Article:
President Joe Biden pledged during his first days in office that 40% of federal funds for climate and clean energy initiatives would be prioritized for underserved communities – a key pillar of his environmental justice agenda. On Friday, the administration announced that around 29% of the US population is eligible for those prioritized funds.
But it notably leaves out race as a factor to determine whether a community is eligible for the initiative, prompting some pushback from environmental justice advocates who say the point of Justice40 is to address environmental racism.
A CEQ official said that while the White House team fully acknowledges “the role of racism and race in determining where environmental burdens are and have been in this country,” it also wants the tool to pass legal muster.
“We have a desire to make sure this tool is legally enduring,” the CEQ official told reporters. “I think both folks within the government and externally have made clear that we cannot be using race as an indicator to guide resource decisions to have that highest threshold for legal defensibility.”
Research has shown that communities of color often face disproportionate exposure to air pollution that leads to respiratory illnefss. The American Lung Association’s 2021 “State of the Air” report showed that people of color are 61% more likely than White people to live in a county with a failing grade for at least one pollutant.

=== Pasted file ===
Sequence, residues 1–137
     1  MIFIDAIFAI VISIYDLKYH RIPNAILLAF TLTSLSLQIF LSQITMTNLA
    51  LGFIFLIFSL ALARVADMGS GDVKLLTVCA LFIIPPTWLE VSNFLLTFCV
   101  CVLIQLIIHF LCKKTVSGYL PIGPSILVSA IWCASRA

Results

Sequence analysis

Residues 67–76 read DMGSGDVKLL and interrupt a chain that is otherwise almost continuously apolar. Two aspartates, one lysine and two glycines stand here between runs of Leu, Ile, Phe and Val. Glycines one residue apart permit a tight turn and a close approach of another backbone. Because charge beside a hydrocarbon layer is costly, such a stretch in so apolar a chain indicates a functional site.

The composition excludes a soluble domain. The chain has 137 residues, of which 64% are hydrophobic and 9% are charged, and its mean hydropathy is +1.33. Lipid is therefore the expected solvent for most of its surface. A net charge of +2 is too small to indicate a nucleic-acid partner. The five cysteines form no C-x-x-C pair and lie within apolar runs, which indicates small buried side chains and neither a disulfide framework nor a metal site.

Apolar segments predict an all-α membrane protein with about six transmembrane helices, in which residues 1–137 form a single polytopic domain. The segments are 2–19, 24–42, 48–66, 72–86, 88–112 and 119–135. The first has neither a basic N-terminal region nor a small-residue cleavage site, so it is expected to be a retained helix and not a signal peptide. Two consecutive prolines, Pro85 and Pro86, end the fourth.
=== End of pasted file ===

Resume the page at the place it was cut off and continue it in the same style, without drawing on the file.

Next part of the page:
Studies have also found that communities of color are more likely to be on the front lines of the climate crisis.
“Too many American communities are still living with water that isn’t safe to drink, housing that isn’t built to withstand climate change-fueled storms, and too few opportunities to benefit from the nation’s bright and clean future,” CEQ Chair Brenda Mallory said. “The Climate and Economic Justice Screening Tool will help Federal agencies ensure that the benefits of the nation’s climate, clean energy, and environmental programs are finally reaching the communities that have been left out and left behind for far too long.”
New York state passed a law in 2019 with a similar goal, to invest 35% to 40% of its climate and clean energy funds into “disadvantaged communities.” New York’s methodology diverges from the White House approach by including race as a qualifying category.
The White House is launching a website with a searchable map to identify the most environmentally disadvantaged communities around the country. A census tract on the map will be considered a disadvantaged community by CEQ if it exceeds at least one of eight criteria in both the climate and environmental risk category and the socioeconomic risk category.
CEQ officials said federal agencies will be the primary users of the tool, identifying which communities can qualify for federal climate and clean energy funding. Friday’s launch is a beta version of the website, and CEQ will be taking public comment on the tool for 60 days.
“We want to build the tool in a way that reflects the realities that racism and race are big determining factors in where pollution is concentrated in this country,” the official said.
The CEQ official was not aware of any potential legal challenges to the tool. The Biden administration hopes that states and local communities will take advantage of the tool to see who is eligible for federal funding, the official said.
“I think what we’re hoping is that people will explore the tool and give us feedback on it and help build this tool in a way that reflects the experiences and priorities in their own states,” the official said.